additional information regarding measuring techniques or terminology definition
refer to TM0173.

Peel Force Strength (lbs/in) 0.8-3.5

Minimum Seal Width (in.) 0.215

Consistent Adhesive Challenge (in.) 0.125

Maximum Burnt Lid (in.) 2.0

Maximum Flange Curling (in.) 0.25

All visual inspection of seal related defects are to be record on the attached data
Protocol T0872, Rev Org
Page 3 of 6

sheets.

4.2 Process Acceptance Criteria

4.2.1 Edge of Failure

Using the Peel Force specification limits listed in the previous table and
the edge of failue analysis results, the process be
capability (Ppk) must
greater than or equal to 1 .0.

4.2.2 Process Specification Limits

Using the Peel Force specification limits listed in the previous table and
the process validation test results, the process be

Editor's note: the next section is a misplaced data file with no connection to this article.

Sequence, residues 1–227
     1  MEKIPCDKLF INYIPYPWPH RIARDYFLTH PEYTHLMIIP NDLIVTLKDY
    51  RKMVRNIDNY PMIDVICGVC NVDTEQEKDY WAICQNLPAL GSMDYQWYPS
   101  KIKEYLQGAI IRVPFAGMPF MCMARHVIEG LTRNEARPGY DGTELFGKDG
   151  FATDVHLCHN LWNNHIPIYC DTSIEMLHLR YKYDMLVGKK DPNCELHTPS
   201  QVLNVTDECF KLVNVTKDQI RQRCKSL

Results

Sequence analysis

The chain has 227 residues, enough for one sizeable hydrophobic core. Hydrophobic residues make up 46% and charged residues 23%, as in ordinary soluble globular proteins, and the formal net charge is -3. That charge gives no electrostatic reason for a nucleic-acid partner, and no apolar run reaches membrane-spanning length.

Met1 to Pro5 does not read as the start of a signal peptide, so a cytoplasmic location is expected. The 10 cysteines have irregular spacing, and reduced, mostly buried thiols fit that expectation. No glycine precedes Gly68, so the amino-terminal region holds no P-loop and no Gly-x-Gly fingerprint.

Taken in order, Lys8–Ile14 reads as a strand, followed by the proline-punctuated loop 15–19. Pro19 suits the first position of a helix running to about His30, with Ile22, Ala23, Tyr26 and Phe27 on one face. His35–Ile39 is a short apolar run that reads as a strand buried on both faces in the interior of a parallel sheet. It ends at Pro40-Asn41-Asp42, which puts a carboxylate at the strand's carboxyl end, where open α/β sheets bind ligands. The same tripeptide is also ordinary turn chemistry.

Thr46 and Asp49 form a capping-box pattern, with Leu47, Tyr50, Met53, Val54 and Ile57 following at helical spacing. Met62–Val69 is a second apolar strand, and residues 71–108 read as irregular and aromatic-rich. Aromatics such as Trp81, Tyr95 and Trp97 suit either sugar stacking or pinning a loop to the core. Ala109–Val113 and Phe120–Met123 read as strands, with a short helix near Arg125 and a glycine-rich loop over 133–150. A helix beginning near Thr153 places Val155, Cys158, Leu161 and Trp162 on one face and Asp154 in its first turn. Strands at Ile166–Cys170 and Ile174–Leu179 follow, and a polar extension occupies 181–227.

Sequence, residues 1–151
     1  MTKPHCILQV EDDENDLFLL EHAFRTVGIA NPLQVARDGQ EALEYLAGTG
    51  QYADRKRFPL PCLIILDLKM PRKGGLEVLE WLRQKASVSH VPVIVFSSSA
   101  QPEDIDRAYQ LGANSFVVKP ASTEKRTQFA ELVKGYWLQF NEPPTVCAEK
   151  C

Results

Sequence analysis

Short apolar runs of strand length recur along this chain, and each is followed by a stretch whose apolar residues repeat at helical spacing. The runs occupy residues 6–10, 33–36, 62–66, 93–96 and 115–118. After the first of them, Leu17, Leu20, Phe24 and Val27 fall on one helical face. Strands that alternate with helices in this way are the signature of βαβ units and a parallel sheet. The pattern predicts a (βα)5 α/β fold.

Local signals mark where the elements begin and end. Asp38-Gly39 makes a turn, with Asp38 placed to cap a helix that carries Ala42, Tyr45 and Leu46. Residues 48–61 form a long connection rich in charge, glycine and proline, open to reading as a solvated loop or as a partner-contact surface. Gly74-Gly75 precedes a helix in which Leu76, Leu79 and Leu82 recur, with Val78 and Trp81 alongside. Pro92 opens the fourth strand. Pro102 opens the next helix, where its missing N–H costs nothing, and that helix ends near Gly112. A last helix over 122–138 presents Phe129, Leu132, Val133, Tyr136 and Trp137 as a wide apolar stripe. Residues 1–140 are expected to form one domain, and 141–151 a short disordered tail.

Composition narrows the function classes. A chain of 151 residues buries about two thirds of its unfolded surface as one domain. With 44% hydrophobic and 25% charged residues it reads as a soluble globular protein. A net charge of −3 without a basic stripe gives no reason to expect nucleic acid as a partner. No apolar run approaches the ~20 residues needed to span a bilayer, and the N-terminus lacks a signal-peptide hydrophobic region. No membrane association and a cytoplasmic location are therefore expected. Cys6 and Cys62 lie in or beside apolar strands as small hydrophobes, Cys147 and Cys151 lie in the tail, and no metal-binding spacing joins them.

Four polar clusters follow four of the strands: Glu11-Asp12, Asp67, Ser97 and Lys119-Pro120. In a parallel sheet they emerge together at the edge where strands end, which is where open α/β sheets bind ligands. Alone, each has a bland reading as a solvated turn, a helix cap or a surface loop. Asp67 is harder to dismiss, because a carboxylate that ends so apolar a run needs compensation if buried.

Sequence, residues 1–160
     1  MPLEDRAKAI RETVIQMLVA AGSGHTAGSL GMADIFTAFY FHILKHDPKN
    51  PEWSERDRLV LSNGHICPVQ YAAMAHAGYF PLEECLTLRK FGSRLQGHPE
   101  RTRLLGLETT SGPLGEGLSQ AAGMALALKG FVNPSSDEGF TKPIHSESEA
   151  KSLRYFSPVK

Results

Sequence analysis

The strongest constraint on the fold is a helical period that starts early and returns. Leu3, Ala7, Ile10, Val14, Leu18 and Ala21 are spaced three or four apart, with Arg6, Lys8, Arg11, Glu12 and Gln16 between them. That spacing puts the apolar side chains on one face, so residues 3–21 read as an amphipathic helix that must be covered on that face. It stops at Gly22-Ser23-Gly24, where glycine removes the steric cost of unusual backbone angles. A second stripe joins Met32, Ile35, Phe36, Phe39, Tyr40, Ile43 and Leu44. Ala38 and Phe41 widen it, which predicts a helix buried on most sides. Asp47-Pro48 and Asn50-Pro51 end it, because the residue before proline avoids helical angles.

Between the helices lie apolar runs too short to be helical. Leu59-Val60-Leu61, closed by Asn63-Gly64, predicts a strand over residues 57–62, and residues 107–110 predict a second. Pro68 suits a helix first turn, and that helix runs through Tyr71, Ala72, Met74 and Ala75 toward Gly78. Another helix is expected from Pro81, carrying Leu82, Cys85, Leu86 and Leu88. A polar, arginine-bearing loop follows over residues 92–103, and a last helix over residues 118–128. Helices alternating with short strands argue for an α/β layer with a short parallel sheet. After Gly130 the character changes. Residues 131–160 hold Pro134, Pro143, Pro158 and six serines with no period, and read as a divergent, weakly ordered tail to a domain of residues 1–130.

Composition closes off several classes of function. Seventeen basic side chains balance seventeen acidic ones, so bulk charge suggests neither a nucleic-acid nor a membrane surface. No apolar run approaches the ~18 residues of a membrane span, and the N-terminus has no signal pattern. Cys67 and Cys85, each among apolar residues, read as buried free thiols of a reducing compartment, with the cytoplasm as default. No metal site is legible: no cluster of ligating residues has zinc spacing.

capability (Ppk) must

greater than or equal to 1.33.

5.0 Installation Qualification (IQ) and Operational Qualification (OQ)

Before begining the process search, verify that an Installation Qualification and an
Operational Qualification has been successfully completed.

6.0 Sample Selection

All products using this package configuration represent the same amount of internal
bulk, thus resulting in an equal amount of lid deflection. Therefore any one of the
three PICC Full Procedural kits can be used as representative sample for this validation

run.

Product Code Product Name

7715307 Groshong 3.0 Fr Single Lumen PICC Full Procedural Kit

7715407 Groshong 4.0 Fr Single Lumen PICC Full Procedural Kit

7725507 Groshong 5.0 Fr Dual Lumen PICC Full Procedural Kit

7.0 Sample Preparation

Document the components that will be used as samples for the validation run with a
developmental build work order (reference SOP D3 10074).

8.0 Machine Operating Guidelines

8. 1 When preparing the validation samples, trained production personnel must be


used to operate the Alloyd sealing machine.

8.2 When setting or changing the die temperature, wait three (3) minutes after the
Protocol T0872, Rev Org
Page 4 of 6